Yesterday I bought yogurt from Dorian West, co-owner of the Hillsborough Cheese Co. We’ve been buying cheese from Dorian and Cindy for years now, but yesterday was the first time he ever offered me yogurt.
This morning I had a small serving.
Wow. That’s really the best description of it.
I never knew yogurt could be this good. Thick, creamy, tangy. Unbelieveable, really.
Buy some at the Western Wake Farmer’s Market. And get there early, cause you’re gonna have to beat me there for it.
Which coffee goes best with great yogurt?
My unnatural infatuation with raw dairy issues was fed tonight by an email from a friend. He sent me a link to the USDA’s goals for their “Developing Healthy People 2020” campaign. Sounds good, right?
Their explicit goal:
Increase the number of States that have prohibited sale or distribution of unpasteurized dairy products.
I can’t make this stuff up, folks. That’s right, your government’s goal to make you healthier is to use your tax dollars to restrict your food choices. Never mind that millions (literally, about 3 million) US consumers feel that raw dairy is the right choice for them, their health and their families. No mention that consumption of raw dairy, done properly, is completely safe.
Nope, they just want to take away your choice. And they are so proud of it, they post it on their web site as a “developmental” goal.
We need to get rid of these people.
Want great coffee? Try
Those of you who actually know me (and many of you who only know me online!) know that I have what borders on an unhealthy infatuation with the politics of dairy. So if you didn’t know that, you’ve been warned.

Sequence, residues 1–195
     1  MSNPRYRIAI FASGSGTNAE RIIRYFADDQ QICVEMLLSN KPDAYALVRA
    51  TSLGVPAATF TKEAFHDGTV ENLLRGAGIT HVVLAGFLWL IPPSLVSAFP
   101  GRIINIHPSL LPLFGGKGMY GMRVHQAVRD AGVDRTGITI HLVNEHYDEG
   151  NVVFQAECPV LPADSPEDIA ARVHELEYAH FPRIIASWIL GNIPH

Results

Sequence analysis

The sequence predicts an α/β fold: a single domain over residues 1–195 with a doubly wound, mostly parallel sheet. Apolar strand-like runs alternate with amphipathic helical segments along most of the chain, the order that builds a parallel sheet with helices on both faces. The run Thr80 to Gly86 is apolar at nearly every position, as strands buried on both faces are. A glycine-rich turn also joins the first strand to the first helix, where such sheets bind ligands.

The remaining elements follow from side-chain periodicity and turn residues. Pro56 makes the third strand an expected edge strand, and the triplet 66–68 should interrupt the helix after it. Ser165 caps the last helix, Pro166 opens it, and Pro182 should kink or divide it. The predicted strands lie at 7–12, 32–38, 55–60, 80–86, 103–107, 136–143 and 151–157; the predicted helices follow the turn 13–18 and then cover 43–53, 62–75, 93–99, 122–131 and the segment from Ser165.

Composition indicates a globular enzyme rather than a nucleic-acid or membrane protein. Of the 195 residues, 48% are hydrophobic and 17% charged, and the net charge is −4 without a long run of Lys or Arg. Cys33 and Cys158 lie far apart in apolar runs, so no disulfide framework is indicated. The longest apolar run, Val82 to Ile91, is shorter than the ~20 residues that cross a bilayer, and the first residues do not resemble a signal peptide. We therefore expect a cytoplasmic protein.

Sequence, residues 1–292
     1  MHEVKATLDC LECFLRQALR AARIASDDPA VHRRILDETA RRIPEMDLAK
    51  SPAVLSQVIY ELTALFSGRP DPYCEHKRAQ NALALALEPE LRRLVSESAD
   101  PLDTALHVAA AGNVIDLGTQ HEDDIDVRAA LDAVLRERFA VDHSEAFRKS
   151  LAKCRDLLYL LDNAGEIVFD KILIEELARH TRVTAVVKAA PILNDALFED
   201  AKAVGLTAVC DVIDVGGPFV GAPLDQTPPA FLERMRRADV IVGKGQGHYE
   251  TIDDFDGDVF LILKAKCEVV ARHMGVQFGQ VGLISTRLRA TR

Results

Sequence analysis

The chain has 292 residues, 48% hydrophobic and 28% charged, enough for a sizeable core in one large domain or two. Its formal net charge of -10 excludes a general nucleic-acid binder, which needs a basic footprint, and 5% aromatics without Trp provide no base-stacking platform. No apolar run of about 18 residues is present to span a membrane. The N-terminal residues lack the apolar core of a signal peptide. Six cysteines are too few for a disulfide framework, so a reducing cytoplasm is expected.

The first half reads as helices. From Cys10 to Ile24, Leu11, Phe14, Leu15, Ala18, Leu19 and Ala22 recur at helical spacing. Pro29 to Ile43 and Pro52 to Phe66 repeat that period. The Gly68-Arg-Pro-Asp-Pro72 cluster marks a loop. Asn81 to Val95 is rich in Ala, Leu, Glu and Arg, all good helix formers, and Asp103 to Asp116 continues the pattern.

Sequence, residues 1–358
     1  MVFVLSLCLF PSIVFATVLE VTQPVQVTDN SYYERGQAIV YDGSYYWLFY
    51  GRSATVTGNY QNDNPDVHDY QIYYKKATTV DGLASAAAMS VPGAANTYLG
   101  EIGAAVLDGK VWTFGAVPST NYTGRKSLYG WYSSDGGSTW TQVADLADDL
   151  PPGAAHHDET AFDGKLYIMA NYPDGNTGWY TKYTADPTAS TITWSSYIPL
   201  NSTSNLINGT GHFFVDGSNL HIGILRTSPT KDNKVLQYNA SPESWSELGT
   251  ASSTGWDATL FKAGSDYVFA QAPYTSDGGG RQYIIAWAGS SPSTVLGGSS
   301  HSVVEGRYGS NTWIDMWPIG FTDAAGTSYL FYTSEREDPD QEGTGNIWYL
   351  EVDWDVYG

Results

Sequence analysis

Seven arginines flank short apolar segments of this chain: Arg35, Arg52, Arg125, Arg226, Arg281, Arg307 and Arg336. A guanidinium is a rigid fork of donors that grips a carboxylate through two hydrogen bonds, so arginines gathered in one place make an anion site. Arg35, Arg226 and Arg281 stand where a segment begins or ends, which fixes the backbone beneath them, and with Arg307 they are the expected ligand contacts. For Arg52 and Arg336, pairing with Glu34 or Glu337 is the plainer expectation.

Today, I just wanted to provide a link to an informative piece published by Grist. The gist of it is that the courts have determined that milk without growth hormones is actually different (better) than milk without.
Yet the milk in my fridge is silent on that particular nuance. Hopefully that will change.
Want great coffee?
Came across the video below on Jim Mortenson’s BREAD IS FUN TO MAKE AND GOOD TO EAT blog (thanks for the link, Andy M.!). Given my personal penchant for all things fermented and full of good bacteria, this is definitely something I’ll be trying at home soon.
Jim has a lot of nice posts on his blog, even if he has questionable judgment in coffee equipment. (Black & Decker single cup brewer?? Definitely not the good stuff.)
Just in case this video ever disappears from the internet, or you don’t want to take the time to watch it now, let me describe what he does to make half and half:
1. Allow 1 quart half and half to come to room temperature
2. Put the half and half in a jar you can seal, and add 1/2c room temp buttermilk, stir, and seal the jar
3. Allow the jar to sit at room temp for 24-48 hours
4. Refrigerate and use!
And remember, for great coffee (and equipment!), go to: